By Douglas Morgan
Born simply because the Civil battle all started, Lewis Sheafe grew to manhood at a pivotal second in American background. yet rather than racial equality, the kingdom provided its freed slaves additional oppression and injustice. Sheafe—strong-willed, dynamic, and likely tireless—had yet major ambitions: uplift his humans spiritually and socially, and always adhere to biblical precept in all features of life.
His thirst for fact led him first to the Baptists, the place he turned either an eloquent minister and a fashionable chief of the Black group. Then his terrible healthiness led him to conflict Creek Sanitarium, the place he encountered Seventh-day Adventism. Sheafe observed within the Adventist message the tenets of race kin he already championed, and he embraced it wholeheartedly. He was once despatched to steer the Black paintings in Washington, D.C., in 1902, and his evangelistic campaigns drew standing-room-only crowds of either Black and White listeners.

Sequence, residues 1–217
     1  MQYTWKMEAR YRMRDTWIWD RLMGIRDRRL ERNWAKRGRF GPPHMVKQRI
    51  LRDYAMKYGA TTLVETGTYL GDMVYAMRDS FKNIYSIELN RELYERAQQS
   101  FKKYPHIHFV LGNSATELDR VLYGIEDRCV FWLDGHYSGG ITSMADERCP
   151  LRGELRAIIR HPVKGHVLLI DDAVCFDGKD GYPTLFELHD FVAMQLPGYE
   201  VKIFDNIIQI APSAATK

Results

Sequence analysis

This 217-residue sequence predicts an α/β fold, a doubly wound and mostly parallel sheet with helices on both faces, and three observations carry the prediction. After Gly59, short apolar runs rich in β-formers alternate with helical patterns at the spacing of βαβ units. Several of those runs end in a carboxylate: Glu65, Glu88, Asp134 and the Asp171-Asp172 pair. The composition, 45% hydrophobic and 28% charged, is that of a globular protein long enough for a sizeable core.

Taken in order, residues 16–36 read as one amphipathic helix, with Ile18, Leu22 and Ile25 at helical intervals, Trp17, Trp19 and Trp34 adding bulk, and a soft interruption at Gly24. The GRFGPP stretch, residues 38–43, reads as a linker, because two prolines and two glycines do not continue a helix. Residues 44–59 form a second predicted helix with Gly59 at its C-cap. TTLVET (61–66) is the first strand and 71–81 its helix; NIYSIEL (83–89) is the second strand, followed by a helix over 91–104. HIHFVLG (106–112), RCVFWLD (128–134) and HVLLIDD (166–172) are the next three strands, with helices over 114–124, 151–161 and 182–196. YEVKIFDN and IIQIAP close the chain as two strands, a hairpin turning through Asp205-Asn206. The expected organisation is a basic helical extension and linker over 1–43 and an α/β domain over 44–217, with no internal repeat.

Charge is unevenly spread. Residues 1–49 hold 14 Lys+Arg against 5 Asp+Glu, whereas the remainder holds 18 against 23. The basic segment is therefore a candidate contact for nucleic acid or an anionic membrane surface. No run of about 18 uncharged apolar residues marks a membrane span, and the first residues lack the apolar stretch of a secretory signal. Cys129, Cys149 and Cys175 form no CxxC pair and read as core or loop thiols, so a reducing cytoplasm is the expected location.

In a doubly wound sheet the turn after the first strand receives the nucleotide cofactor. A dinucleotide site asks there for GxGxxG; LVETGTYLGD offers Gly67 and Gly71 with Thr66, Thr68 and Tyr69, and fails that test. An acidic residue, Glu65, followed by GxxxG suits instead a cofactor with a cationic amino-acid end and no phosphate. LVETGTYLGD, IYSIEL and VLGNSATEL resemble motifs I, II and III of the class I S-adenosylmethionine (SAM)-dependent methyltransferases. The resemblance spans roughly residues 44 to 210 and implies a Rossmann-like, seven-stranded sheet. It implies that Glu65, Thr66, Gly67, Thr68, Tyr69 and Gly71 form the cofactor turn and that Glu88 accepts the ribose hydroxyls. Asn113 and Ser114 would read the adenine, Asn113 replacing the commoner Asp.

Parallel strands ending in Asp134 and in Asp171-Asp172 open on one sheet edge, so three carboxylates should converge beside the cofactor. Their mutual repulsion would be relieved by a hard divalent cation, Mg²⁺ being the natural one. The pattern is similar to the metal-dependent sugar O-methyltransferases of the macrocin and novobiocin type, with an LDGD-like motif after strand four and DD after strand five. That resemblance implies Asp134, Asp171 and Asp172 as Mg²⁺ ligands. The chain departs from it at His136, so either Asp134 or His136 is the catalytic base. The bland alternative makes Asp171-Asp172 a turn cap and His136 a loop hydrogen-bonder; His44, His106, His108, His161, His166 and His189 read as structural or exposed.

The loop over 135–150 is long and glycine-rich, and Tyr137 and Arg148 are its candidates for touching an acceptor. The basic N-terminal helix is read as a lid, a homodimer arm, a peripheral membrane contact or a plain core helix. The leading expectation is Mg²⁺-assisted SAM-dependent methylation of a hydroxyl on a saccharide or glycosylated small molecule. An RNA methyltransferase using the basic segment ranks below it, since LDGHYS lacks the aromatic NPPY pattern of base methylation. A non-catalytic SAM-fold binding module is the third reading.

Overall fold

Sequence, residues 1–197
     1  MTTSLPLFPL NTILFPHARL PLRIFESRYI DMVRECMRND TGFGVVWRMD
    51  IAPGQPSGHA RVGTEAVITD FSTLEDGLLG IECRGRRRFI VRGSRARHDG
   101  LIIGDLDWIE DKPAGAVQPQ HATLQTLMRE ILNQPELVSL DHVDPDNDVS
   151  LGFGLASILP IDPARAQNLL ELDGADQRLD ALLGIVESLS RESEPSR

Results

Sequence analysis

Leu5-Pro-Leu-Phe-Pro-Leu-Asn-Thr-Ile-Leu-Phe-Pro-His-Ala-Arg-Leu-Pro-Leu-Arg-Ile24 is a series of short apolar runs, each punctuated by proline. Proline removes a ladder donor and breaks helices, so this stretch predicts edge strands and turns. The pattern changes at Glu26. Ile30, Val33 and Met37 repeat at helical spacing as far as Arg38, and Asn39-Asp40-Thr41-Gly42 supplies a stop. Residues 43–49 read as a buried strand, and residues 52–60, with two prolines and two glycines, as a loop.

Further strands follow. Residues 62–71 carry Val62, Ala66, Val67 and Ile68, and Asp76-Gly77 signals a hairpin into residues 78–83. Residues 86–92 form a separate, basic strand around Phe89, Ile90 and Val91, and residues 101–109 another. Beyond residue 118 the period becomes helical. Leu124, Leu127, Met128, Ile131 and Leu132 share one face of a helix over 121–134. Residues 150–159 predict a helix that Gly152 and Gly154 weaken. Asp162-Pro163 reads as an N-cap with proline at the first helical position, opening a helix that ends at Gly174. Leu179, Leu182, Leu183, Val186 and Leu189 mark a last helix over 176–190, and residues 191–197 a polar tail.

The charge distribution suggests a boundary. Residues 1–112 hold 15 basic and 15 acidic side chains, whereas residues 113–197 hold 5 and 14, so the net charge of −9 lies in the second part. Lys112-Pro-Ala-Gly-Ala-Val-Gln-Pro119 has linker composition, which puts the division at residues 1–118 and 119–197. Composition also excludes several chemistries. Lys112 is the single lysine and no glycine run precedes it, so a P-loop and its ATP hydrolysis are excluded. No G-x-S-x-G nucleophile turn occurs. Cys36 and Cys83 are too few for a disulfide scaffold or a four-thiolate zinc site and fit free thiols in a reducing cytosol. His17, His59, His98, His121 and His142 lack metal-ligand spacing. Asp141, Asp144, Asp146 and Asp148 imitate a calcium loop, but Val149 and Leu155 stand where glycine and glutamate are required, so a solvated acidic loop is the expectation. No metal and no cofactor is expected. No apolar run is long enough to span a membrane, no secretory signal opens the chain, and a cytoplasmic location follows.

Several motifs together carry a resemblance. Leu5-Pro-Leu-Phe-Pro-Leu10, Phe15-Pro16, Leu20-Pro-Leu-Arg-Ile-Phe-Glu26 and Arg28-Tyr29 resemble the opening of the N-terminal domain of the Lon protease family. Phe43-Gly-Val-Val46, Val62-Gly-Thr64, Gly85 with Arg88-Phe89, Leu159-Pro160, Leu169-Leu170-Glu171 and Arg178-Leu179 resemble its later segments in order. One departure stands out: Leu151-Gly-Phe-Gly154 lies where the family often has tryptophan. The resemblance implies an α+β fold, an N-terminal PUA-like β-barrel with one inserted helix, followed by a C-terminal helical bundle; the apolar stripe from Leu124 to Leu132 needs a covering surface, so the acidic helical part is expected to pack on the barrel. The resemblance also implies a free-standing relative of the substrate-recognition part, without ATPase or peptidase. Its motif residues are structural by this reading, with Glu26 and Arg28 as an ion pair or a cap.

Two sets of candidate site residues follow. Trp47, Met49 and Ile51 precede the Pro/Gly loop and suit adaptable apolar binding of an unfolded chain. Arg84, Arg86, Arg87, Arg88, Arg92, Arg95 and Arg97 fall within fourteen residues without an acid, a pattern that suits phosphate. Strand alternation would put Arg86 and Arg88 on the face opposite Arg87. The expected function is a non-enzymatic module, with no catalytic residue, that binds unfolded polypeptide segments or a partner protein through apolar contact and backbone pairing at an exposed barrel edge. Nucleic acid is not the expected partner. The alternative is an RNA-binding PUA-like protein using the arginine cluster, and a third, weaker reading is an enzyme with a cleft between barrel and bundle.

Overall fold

But in the course of his turbulent years of Adventist ministry, he and church leaders couldn't agree on find out how to follow biblical ideas of racial equality. The clash finally proved deadly to his ties with the denomination.
In this gripping biography Douglas Morgan items jointly the lifetime of this forgotten chief whose tale sheds gentle at the cause that no lasting, separate Black Adventist denomination ever formed.